We have nailed down the details of the rentals that we will be able to provide for the Trek. Emails have gone out to those who have inquired about them already. Drop me a note of you want the details too.
I doubt that there are many that this will apply to... But if you are seriously considering attending the Alaska Cruiser Trek 2011 and have not been in touch with me in the last couple of weeks, drop me a note here or email at Markcruisersonly@gmail.com right away.
So how high are the rivers running? All of our rivers are at flood stages right now and very high. The snow pack is still at 180% of normal and hasn't started to really melt yet. Is it warmer up there? Did you guys get a lot of snow this winter? Just curious.
River levels are always high during late breakup. Particulalrly the ones that are fed by snowpack and glacial runoff too.
Not sure what the snow was like out in the Alaska range, but here in the cook inlet area it was average to maybe a bit low. In the Talkeetnas it was similar.
It has been a warmish breakup/spring so far.
The Slana and the Tom are very influenced by rainfall and can come up quick because of that. The Gokona is more glacial fed and high heat will raise it as easily as rainfall.
The rivers on the east side of the Talkeetnas are primarily snowpack and rain fed.
So far everything looks normal, but the week or two prior to when you want to be out there is the only thing that can tell you much.
The ACT 2011 is still on BTW, just without the sizable crew arriving from outside (Alaska). A smaller crew means we get the push the bounds of exploration - who knows what this trip will bring.
Chad, did Mark mention we're accumulating ground anchors for an above the tree line steep mountain winch fest? If we fail at that, it could mean a swampy bog winch fest around from the south. Either way, make sure your Warn is in good working order.
Mark let me know if you guys need anything. I am afraid that I am not super helpful since I semi-fxxxered a knee but I will be around and working the day shift. Do you guys have anything planed local that maybe I could tag along on?
Our plans for the NotaTrek are pretty casual right now. We are gonna attemtp to connect over the high ground between the Gokona and Chistochina Rivers up at the glaciers. Failing that (likely) we will look at getting up the Gokona Glacier to the icefield.
Other than some extra time to work on rigs and fabrication projects, nothing we are in need of really.
We hope to make a couple of runs after the NotaTrek before hunting season. Probably out in the Eureka area for a 3-4 day weekend and maybe a weekend outing somewhere close in... nothing solid yet.
Pat, contact me on FB (the link is below my avatar) and I'll get you hooked up with the Alaska Cruiser Crew group.
A couple more... keeping the best stuff close for now... But here are a couple that are kinda neat... We always downplay rock crawling here in Alaska. Not because you can't find it, but just because we prefer to spend our time getting somewhere rather than challenging the rigs just to do it.
These pics were taken in the moraine of the Gakona Glacier. It is an area of several square miles. The rocks boulders sand and mud actually overlays the ice in a thin layer (only inches deep in some spots, and the ice is actually exposed in others). The boulder piles are as tall as 10 and 20 story buildings in some spots, and are surrounded by ravines and trenches where the larger boulders are all that have not been eroded downslope.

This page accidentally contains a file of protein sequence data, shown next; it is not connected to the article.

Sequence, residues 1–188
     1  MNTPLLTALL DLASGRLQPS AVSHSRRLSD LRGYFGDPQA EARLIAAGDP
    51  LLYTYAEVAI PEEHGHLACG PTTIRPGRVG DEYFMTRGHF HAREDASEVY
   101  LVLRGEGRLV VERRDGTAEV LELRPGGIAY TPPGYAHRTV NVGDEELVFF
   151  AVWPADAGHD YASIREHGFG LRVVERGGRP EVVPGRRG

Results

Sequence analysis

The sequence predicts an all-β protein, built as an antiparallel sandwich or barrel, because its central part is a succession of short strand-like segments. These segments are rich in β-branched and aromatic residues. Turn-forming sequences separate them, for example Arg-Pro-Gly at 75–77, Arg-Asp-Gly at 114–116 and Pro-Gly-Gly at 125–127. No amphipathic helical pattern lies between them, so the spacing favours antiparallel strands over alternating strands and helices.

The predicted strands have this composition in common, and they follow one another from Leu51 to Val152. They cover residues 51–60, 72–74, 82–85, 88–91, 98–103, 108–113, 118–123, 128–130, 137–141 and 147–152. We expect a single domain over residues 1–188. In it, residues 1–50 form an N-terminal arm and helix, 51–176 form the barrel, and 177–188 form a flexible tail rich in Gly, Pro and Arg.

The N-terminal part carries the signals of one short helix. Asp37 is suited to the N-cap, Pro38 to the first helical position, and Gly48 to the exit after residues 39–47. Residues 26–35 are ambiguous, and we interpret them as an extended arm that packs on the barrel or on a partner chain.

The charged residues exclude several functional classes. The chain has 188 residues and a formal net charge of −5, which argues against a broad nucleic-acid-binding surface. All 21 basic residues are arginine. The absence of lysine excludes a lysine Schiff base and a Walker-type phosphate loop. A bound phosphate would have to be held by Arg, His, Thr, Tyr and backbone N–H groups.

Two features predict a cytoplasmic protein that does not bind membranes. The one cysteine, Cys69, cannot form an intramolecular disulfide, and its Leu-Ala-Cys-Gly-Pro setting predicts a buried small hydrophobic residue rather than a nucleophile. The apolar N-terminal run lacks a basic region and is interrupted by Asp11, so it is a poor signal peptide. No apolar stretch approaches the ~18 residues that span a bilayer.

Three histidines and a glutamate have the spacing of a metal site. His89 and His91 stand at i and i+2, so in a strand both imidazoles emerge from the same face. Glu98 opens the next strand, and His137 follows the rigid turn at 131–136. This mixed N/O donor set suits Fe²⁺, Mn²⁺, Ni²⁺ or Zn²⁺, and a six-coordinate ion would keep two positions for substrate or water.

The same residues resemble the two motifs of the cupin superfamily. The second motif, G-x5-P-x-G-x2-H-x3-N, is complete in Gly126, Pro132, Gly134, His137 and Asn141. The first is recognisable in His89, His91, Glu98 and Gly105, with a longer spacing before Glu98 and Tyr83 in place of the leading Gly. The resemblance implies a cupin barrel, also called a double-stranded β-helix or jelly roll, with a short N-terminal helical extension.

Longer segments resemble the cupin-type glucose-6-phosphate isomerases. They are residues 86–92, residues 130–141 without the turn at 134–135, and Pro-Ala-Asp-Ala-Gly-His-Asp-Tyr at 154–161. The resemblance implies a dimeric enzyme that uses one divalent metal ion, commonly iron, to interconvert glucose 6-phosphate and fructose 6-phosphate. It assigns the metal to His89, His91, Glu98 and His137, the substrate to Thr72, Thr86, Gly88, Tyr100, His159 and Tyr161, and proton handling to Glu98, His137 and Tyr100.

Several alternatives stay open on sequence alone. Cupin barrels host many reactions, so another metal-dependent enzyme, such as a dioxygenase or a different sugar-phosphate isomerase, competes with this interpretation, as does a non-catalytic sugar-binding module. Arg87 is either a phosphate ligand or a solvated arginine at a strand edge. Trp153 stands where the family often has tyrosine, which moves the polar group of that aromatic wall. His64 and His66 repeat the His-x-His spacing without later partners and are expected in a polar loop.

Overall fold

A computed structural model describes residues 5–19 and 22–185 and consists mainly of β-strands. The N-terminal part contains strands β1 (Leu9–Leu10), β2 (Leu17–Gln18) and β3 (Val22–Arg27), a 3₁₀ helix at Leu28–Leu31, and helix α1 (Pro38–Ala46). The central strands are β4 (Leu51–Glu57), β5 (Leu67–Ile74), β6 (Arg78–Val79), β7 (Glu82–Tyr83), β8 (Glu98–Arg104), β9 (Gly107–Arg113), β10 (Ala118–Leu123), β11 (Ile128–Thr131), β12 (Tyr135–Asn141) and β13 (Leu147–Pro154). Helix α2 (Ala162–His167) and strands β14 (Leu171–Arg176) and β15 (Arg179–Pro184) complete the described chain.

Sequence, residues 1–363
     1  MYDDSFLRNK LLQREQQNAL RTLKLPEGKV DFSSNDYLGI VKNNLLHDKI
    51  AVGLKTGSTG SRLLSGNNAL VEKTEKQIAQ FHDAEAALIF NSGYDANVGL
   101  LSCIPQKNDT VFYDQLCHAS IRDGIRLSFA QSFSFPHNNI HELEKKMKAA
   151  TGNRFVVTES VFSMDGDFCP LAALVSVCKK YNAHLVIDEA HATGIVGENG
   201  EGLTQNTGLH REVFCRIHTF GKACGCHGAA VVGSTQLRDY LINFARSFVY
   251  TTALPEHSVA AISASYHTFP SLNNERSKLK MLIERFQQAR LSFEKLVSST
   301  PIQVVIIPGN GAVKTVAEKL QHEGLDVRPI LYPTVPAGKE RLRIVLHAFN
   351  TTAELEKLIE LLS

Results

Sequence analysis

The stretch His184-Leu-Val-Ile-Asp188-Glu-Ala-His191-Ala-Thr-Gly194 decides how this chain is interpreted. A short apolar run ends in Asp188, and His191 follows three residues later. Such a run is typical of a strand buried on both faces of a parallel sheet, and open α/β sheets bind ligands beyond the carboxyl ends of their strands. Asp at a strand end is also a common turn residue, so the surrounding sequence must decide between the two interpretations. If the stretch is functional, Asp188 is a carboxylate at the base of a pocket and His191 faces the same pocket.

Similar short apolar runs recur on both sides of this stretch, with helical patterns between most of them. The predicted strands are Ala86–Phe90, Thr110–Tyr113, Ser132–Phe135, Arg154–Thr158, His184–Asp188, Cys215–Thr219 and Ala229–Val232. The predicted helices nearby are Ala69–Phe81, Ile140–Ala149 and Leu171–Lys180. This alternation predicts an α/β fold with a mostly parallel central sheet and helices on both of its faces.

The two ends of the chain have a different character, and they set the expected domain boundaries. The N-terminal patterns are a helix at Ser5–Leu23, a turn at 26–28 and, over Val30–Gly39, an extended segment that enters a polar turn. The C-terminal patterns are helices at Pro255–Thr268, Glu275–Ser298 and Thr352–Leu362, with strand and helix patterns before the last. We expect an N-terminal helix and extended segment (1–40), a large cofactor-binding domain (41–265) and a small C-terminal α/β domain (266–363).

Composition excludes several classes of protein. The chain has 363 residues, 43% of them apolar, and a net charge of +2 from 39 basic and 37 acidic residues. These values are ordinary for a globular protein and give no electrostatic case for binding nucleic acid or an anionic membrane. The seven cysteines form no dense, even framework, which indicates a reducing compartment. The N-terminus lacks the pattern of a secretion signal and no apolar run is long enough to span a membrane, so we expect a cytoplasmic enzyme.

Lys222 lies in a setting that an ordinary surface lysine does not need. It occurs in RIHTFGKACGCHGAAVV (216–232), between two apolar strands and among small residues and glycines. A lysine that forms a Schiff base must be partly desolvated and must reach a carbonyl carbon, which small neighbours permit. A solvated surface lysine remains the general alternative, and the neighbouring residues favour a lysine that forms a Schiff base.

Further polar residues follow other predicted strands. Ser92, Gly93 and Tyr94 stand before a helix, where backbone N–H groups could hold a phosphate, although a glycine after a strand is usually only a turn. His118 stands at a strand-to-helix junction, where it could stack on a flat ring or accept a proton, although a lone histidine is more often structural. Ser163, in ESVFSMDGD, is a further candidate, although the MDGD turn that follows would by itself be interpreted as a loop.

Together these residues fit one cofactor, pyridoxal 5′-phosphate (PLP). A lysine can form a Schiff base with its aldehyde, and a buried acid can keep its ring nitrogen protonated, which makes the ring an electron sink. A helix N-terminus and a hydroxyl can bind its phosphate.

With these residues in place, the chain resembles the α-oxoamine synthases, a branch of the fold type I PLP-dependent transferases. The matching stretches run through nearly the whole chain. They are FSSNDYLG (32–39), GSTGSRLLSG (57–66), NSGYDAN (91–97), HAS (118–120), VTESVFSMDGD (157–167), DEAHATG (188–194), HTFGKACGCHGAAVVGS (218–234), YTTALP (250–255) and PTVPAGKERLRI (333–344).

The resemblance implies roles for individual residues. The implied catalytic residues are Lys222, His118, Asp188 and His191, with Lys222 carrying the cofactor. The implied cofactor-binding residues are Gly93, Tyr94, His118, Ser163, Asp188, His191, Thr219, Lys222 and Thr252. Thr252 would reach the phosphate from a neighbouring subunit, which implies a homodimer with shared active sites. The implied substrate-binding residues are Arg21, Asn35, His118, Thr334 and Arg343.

The first shot here was taken at the edge of the oldest morraine that is now grown up with dense trackless brush, as we started in from the gravel plains of the river headed toward the ice.
The second picture is at the edge of the boulder piles where we decided to leave the rigs instead of beating them in the jagged rock for no real reason.
The last pic shows some of the smaller boulders that make up the bulk of the rocks in this particular spot. This was near the bottom of a 200 foot tall pile... about half an hour after we climbed back down from the top, a few dozen tons of rock crashed down across our route. I guess it is not a place to lightly take your Cruiser.
Further from the face of the glacier where the terrain has had a few centuries to let life find a foot hold, the boulder fields are covered with grasses, mosses and brush. Various animal life of course has followed. Everything from mice and voles to bear and moose.
Naw.... the good ones are under wraps for a while.
I have to admit I really enjoyed watching the performance of the other rigs in the rivers and bogs. Reinforced my satisfaction with the basic direction I have taken with my '40. Just have to deal with those nagging details now.
Other than Darrell's last minute abort of that one crossing, most of the water we dealt with was pretty mild stuff. But with the rigs we had along this time that was best. We got lucky and found easy ways through/around all the bogs too... I was surprised that we got that lucky. Kevin and I forget how tough that stuff can be for the heavier rigs on smaller tires. It was interesting to be able to take the time to compare the differences.
Already mulling thoughts of a return to McLaren Glacier and the high country above it as soon as I can get out there. Spend a couple of days camping and hiking... take a raft to get onto the Glacier itself. Might pass on the night of drinking with the Paxson Roadhouse Felons though.